Monday, June 10, 2013

Sexism In Speculative Fiction

Here we are, already a decade and a bit into the 21st century, and we again have to put up with holdover ideas from the 19th century. Let me be clear right up front. Sexism, either intentional or accidental, has no place. Especially not in any of the areas of Speculative Fiction. Women are just as capable of writing and serving as lead characters as men. Any thought to the contrary belongs to the 19th century.

I believe in full equally. In gender, sexual orientation, race, nationality, religion, etc. In all things. That said, I also believe in being historically accurate when writing a period piece. But there is a big difference between writing a sexist character from the 19th century (or even early 20th century) and being sexist in your writing.

This subject has only arisen because of a bit of a fiasco with the SFWA quarterly Bulletin. For their 200th issue, they featured a very classic painting of Red Sonja standing over the body of her enemy with a bloody sword. Problem is she is scantily clad. A great many people object to that type of image, and they have every right to. But rather than have respect for that opinion, Mike Resnick and Barry Malzberg ranted in the 202nd issue about censorship. While I personally do not have an issue with how Red Sonja was dressed (her in-world associate, Conan, is usually pictured in the male equivalent), it was inappropriate for the subject matter of that issue and I have a big issue with how Resnick and Malzberg handled it.

Rather than coming across as the wise older gentlemen of the field, they came across as angry teens caught doing something they shouldn't. Being a writer is not just about stringing words together, anyone can do that. It is about doing it skillfully. One part of that skill is knowing what to defend and what is outdated rubbish. Yes, a particular editor might have had incredible looks, but there is a way to say it that is sexist and a way that is neutral. You don't defend someone who flubbed it just on the grounds that the comment was innocent enough. And you really don't defend it in a manner that comes off as even more sexist than the original comment.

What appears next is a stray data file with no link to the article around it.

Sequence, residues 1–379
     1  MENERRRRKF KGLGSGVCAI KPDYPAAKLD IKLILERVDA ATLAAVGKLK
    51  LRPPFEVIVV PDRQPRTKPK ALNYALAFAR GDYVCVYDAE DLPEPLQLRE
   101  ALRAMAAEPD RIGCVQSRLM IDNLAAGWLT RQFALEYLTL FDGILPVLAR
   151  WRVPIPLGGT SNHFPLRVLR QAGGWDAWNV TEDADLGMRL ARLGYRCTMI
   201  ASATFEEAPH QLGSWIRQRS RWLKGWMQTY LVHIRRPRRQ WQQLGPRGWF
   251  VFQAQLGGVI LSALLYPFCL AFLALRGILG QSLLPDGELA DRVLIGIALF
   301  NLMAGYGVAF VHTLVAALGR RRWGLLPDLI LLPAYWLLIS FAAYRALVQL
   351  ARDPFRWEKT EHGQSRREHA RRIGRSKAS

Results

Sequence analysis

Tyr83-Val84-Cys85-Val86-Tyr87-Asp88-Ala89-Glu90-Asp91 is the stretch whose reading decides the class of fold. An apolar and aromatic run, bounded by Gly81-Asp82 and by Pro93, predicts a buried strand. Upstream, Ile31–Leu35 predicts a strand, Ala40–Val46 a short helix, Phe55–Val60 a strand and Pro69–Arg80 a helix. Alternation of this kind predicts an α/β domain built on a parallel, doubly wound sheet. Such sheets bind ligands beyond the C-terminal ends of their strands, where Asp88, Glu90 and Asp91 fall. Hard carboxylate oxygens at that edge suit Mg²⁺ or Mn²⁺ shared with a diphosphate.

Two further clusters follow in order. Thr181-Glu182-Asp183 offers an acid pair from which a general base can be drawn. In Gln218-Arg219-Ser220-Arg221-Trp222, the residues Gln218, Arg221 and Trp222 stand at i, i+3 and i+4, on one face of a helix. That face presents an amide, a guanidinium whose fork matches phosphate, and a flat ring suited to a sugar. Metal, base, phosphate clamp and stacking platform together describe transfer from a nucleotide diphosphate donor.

I read a scanned copy of the Resnick/Malzberg dialog in question and I found it so offensive I didn't even finish it. They need to come out of the 1960's (a la Mad Men) and join the 21st century. You have to change with the times. The SFWA is not a boys club. C.L. Moore, Andre Norton, C.J. Cherryh, Anne McCaffrey, Ann C. Crispin, and many others, already fought this battle and proved that girls are just as good as boys. We should be building a world of equals, not trying to climb back down the ladder to the ignorant beliefs of our forebearers.

I am by no means perfect myself. I discovered after the fact that I had created a world that seemed like a boy's club and I have made the conscious decision that I must rectify that as I move forward. In doing so, maybe I can comment on this problem and help be a part of the change rather than a symptom of what is wrong. Contrary to the joking of a good friend (who says I'm an alien), I am only human. I abhor hypocrisy and stupidity, but I know I am occasionally guilty of both. The thing is that I strive to be better. What we need to take away from this fiasco with the SFWA Bulletin is that sexism has no place. We need to move forward and support our sisters as they fight this old problem. Yes, some of us may make mistakes, but we shouldn't defend them.

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